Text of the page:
Thursday, 7 June 2018

What Is The Microprocessor And Do Its Work??

What Is The Microprocessor And Do Its Work??



Basic Of The Microprocessor And Functions Of Microprocessor And A Microprocessor Based System Theory !!




The Microprocessor is a Programmable Device that Takes in NumbersPerforms on Them  Arithmetic or Logical Operations according to  the Program Stored in Memory and then Produces other numbers as a result.


Definition

• Lets expand each of the underlined words:


– Programmable Device: 

The Microprocessor can perform
different sets of operations on the data it receives depending on the sequence of instructions supplied in the given
program. By changing the program, the Microprocessor manipulates  the data in different ways.

– Instructions: Each Microprocessor is designed to execute a specific group of operations. This group of operations is
called an instruction set. This instruction set defines what the  Microprocessor can and cannot do.





– Takes in: 

The data that the Microprocessor
manipulates must come from somewhere.
• It comes from what is called “input devices”.
• These are devices that bring data into the system from the outside world.
• These represent devices such as a keyboard, a  mouse, switches, and the like.


– Numbers:

 The Microprocessor has a very narrow view on life. It only understands binary numbers. A binary digit is called a bit (which comes from binary digit).  The microprocessor recognizes and processes a group of bits together. This group of bits is called a “word”. The number of bits in a Microprocessor’s word, is a measure of its
“abilities”.

– Words, Bytes, etc.

• The earliest Microprocessor (the Intel 8088 and Motorola’s 6800) recognized 8-bit words.
– They processed information 8-bits at a time. That’s why they are called “8-bit processors”. They can handle large numbers, but in order to process these numbers, they broke them into 8-bit pieces
and processed each group of 8-bits separately.
• Later Microprocessors (8086 and 68000) were designed with
16-bit words.
– A group of 8-bits were referred to as a “half-word” or “byte”.
– A group of 4 bits is called a “nibble”.
– Also, 32 bit groups were given the name “long word”.
• Today, all processors manipulate at least 32 bits at a time and
there exists microprocessors that can process 64, 80, 128 bits .

– Arithmetic and Logic Operations: 

• Every Microprocessor has arithmetic operations such as add and subtract as part of its instruction set.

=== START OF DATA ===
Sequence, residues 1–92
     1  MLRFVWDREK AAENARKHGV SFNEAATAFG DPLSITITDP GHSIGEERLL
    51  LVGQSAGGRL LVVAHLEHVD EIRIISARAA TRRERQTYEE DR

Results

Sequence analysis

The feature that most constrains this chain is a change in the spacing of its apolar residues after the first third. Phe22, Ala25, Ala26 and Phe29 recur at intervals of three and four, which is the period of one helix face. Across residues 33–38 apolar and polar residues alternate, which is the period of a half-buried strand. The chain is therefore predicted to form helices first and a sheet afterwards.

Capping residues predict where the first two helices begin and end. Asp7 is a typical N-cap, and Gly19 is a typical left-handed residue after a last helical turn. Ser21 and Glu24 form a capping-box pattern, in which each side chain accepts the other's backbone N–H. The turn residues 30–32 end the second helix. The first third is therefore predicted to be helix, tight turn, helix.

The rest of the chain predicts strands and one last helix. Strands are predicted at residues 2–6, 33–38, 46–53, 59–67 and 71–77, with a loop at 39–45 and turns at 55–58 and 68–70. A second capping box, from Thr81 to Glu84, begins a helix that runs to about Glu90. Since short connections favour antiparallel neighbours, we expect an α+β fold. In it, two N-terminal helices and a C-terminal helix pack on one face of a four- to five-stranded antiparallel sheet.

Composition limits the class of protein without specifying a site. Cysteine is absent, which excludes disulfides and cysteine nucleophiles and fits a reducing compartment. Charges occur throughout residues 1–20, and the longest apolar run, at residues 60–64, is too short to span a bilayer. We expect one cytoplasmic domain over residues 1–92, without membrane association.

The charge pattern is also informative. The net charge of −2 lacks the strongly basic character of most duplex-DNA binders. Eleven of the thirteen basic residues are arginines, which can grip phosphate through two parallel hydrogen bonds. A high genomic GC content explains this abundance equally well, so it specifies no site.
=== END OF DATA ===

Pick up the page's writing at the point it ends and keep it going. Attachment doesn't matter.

– Most Microprocessors will have operations such as multiply and
divide.
– Some of the newer ones will have complex operations such as  square root.
• In addition, Microprocessors have logic operations as well.  Such as AND, OR, XOR, shift left, shift right, etc.
• Again, the number and types of operations define the Microprocessor’s instruction set and depends on the specific microprocessor.




– Stored in memory :

• First, what is memory?

– Memory is the location where information is kept while not in  current use.
– Memory is a collection of storage devices. Usually, each storage  device holds one bit. Also, in most kinds of memory, these
storage devices are grouped into groups of 8. These 8 storage  locations can only be accessed together. So, one can only read or
write in terms of bytes to and form memory.
– Memory is usually measured by the number of bytes it can hold.  It is measured in Kilos, Megas and lately Gigas. A Kilo in
computer language is 210 =1024. So, a KB (KiloByte) is 1024  bytes. Mega is 1024 Kilos and Giga is 1024 Mega.


– Stored in memory:

• When a program is entered into a computer, it is  stored in memory. Then as the microprocessor starts to execute the instructions, it brings the instructions
from memory one at a time.
• Memory is also used to hold the data.
– The microprocessor reads (brings in) the data from memory when it needs it and writes (stores) the results into memory when it is done.

– Produces:

 For the user to see the result of the execution of the program, the results must be  presented in a human readable form.
• The results must be presented on an output device.
• This can be the monitor, a paper from the printer, a

simple LED or many other forms.


A Microprocessor - based system

MicroprocessorMicrocomputerMicrocontrollerMicrocomputer



From the above description, we can draw the  following block diagram to represent a
microprocessor-based system:



Inside The Microprocessor

• Internally, the microprocessor is made up of  3 main units.
– The Arithmetic/Logic Unit (ALU)
– The Control Unit.
– An array of registers for holding data while it is  being manipulated.


Organization of a Microprocessor -
based system

Let’s expand the picture a bit.


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